Yet, despite the speech-suppressive result of his holding, in dicta Justice Vinson inconsistently endorsed Justice Oliver Wendell Holmes’s dissent in Gitlow v. New York, 268 U.S. 652 (1925), and Justice Louis D. Brandeis’s concurrence in Whitney v. California (1927), both of which repudiated badtendency readings and provided a wide latitude for political speech. Such incompatibilities in Justice Vinson’s opinion help account for its short-lived actual influence.

Because Vinson’s opinion was only a plurality, the concurrences assumed greater than usual significance. Frankfurter construed away the clear-and-presentdanger test altogether. This required considerable intellectual contortion on his part since he had previously identified himself with Justices Holmes and Brandeis, whose views would have condemned the Dennis result and its doctrine. He dismissed the Holmes/Brandeis vision as ‘‘a sonorous formula,’’ as ‘‘dogmas too inflexible’’ to be applied in the real world, and as merely ‘‘attractive but imprecise words.’’ As a substitute for clear and present danger, now drained of all meaning, Frankfurter substituted balancing, which had the double vice of enhancing judicial power while invariably privileging government authority over freedom of speech.

Justice Robert H. Jackson’s concurrence went even further than Justices Vinson’s and Frankfurter’s in embracing an apocalyptic vision of Communism. From that metajudicial assumption, he derived an unlimited power of government to suppress speech. In his view, communists could claim no effective constitutional protection for their activities.

Justices Black and William O. Douglas dissented, Black expressing the ‘‘hope . . . that in calmer times, when present pressures, passions and fears subside,’’ a later Court would ‘‘restore the First Amendment liberties to the high preferred place’’ they had previously occupied.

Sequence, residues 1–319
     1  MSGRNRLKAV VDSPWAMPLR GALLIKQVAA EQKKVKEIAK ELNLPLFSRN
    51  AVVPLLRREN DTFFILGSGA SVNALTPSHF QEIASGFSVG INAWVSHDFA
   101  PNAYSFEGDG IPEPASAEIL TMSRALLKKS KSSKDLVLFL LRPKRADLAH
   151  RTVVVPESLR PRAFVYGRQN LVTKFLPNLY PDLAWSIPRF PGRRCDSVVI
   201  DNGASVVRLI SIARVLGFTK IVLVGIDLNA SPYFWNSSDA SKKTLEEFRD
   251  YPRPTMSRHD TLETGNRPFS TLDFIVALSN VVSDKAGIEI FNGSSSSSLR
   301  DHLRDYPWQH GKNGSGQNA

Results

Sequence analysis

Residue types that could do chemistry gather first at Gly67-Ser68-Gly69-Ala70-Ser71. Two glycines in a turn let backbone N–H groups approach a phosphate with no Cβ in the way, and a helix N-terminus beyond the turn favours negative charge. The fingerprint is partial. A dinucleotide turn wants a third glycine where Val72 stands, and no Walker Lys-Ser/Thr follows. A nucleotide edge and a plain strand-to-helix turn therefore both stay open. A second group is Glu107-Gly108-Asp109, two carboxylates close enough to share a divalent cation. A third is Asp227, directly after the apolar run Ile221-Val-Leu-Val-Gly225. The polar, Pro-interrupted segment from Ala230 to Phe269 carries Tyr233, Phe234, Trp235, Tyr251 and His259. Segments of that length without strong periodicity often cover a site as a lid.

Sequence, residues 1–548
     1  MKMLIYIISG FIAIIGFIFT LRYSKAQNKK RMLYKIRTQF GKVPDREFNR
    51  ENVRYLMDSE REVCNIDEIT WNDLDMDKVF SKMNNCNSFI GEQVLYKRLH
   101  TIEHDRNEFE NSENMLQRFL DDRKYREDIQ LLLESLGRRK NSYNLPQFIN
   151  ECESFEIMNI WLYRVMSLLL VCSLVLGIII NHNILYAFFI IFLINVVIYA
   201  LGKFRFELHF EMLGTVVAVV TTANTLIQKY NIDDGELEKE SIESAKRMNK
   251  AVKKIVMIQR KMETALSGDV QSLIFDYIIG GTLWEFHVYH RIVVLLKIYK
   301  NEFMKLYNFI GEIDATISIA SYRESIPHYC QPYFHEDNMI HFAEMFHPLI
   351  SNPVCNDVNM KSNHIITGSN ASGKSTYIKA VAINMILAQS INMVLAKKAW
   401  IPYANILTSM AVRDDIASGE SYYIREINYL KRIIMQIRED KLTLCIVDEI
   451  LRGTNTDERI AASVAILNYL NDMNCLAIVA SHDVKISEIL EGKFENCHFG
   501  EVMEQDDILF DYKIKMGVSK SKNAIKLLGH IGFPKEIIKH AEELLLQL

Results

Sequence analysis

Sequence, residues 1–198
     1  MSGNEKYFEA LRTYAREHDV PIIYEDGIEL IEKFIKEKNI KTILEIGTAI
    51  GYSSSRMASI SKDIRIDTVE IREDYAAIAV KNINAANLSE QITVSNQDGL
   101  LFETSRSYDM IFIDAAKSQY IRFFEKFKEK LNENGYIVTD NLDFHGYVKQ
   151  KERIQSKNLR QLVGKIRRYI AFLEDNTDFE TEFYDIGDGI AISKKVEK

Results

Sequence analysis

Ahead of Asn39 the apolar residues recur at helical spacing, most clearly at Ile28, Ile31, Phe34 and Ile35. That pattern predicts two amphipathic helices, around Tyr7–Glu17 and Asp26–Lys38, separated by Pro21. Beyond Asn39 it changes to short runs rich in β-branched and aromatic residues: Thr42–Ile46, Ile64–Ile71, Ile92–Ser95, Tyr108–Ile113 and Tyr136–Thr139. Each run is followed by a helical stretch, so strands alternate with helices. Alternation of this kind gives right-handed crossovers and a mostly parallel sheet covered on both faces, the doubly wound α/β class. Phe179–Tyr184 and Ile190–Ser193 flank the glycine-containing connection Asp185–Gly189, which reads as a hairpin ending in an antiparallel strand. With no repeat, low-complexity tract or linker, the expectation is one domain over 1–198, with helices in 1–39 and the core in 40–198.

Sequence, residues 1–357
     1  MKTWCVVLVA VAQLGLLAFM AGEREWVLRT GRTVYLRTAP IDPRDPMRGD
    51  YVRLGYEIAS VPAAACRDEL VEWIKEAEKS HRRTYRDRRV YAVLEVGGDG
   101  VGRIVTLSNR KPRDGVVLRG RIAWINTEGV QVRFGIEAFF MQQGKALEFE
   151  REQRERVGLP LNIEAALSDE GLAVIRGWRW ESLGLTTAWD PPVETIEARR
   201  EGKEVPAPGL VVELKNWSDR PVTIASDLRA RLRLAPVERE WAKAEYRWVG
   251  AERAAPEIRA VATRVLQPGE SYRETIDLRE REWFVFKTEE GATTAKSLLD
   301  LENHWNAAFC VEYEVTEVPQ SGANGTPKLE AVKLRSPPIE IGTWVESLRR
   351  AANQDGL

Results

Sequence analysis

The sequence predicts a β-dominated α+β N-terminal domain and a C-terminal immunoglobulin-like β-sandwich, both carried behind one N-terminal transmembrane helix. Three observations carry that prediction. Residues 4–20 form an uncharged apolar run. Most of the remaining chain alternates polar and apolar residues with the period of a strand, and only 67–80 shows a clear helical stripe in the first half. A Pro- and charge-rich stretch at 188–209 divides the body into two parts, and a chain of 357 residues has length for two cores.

Justice Black’s hope was realized seventeen years later in Brandenburg v. Ohio, 395 U.S. 444 (1968), which did in fact reinstate the Holmes/Brandeis reading of clear and present danger to canonical status. Since then political discourse has enjoyed nearly absolute immunity from government suppression. But in the interim, Dennis plowed wide inroads into First Amendment liberties, depriving not only communists but also much of the American Left of freedoms to speak, publish, organize, and agitate enjoyed by all other Americans. It was the major constitutional bulwark of the cold war.

Moreover, though Dennis has been ignored by judges and condemned by academics and civil libertarians since 1968, it has never been overruled. It remains valid precedent, at least technically, available to authorize suppression of the speech, press, and assembly liberties of some feared, loathed, and/or radical group in the future.


References and Further Reading

  • Belknap, Michal R. Cold War Political Justice: The Smith Act, the Communist Party, and American Civil Liberties. Westport, CT: Greenwood Press, 1977.
  • Kutler, Stanley I. The American Inquisition: Justice and Injustice in the Cold War. New York: Hill and Wang, 1982.
  • Murphy, Paul L. The Constitution in Crisis Times, 1918– 1969. New York: Harper & Row, 1972.
  • Urofsky, Melvin I. Division and Discord: The Supreme Court Under Stone and Vinson, 1941–1953. Columbia: University of South Carolina Press, 1997.
  • Wiecek, William M., The Legal Foundations of Domestic Anticommunism: The Background of Dennis v. U.S., Supreme Court Review (2001): 375–434.

Cases and Statutes Cited

  • Brandenburg v. Ohio, 395 U.S. 444 (1969)
  • In re Isserman, 345 U.S. 286 (1953)
  • Sacher v. United States, 343 U.S. 1 (1952)